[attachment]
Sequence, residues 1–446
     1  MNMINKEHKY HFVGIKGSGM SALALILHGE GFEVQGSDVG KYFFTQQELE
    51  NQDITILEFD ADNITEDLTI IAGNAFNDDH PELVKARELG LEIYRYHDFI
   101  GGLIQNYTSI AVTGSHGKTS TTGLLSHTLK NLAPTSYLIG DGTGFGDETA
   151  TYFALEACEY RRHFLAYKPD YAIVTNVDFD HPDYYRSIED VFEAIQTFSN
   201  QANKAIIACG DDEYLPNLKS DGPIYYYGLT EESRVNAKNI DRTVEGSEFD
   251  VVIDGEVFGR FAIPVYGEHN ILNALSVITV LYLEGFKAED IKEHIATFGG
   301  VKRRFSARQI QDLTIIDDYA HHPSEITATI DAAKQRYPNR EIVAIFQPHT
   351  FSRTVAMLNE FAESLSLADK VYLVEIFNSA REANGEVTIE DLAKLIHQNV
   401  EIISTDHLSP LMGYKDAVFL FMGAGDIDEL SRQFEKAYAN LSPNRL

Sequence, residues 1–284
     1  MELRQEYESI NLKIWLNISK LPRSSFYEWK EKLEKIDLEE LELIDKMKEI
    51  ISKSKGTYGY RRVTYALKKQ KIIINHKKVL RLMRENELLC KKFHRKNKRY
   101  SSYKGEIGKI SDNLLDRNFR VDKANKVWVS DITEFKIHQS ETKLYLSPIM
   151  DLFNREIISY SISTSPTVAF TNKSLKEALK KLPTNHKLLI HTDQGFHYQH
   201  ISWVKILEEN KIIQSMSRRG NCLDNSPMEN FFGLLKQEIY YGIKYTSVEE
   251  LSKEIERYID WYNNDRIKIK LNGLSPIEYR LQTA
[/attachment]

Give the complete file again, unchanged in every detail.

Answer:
Sequence, residues 1–446
     1  MNMINKEHKY HFVGIKGSGM SALALILHGE GFEVQGSDVG KYFFTQQELE
    51  NQDITILEFD ADNITEDLTI IAGNAFNDDH PELVKARELG LEIYRYHDFI
   101  GGLIQNYTSI AVTGSHGKTS TTGLLSHTLK NLAPTSYLIG DGTGFGDETA
   151  TYFALEACEY RRHFLAYKPD YAIVTNVDFD HPDYYRSIED VFEAIQTFSN
   201  QANKAIIACG DDEYLPNLKS DGPIYYYGLT EESRVNAKNI DRTVEGSEFD
   251  VVIDGEVFGR FAIPVYGEHN ILNALSVITV LYLEGFKAED IKEHIATFGG
   301  VKRRFSARQI QDLTIIDDYA HHPSEITATI DAAKQRYPNR EIVAIFQPHT
   351  FSRTVAMLNE FAESLSLADK VYLVEIFNSA REANGEVTIE DLAKLIHQNV
   401  EIISTDHLSP LMGYKDAVFL FMGAGDIDEL SRQFEKAYAN LSPNRL

Sequence, residues 1–284
     1  MELRQEYESI NLKIWLNISK LPRSSFYEWK EKLEKIDLEE LELIDKMKEI
    51  ISKSKGTYGY RRVTYALKKQ KIIINHKKVL RLMRENELLC KKFHRKNKRY
   101  SSYKGEIGKI SDNLLDRNFR VDKANKVWVS DITEFKIHQS ETKLYLSPIM
   151  DLFNREIISY SISTSPTVAF TNKSLKEALK KLPTNHKLLI HTDQGFHYQH
   201  ISWVKILEEN KIIQSMSRRG NCLDNSPMEN FFGLLKQEIY YGIKYTSVEE
   251  LSKEIERYID WYNNDRIKIK LNGLSPIEYR LQTA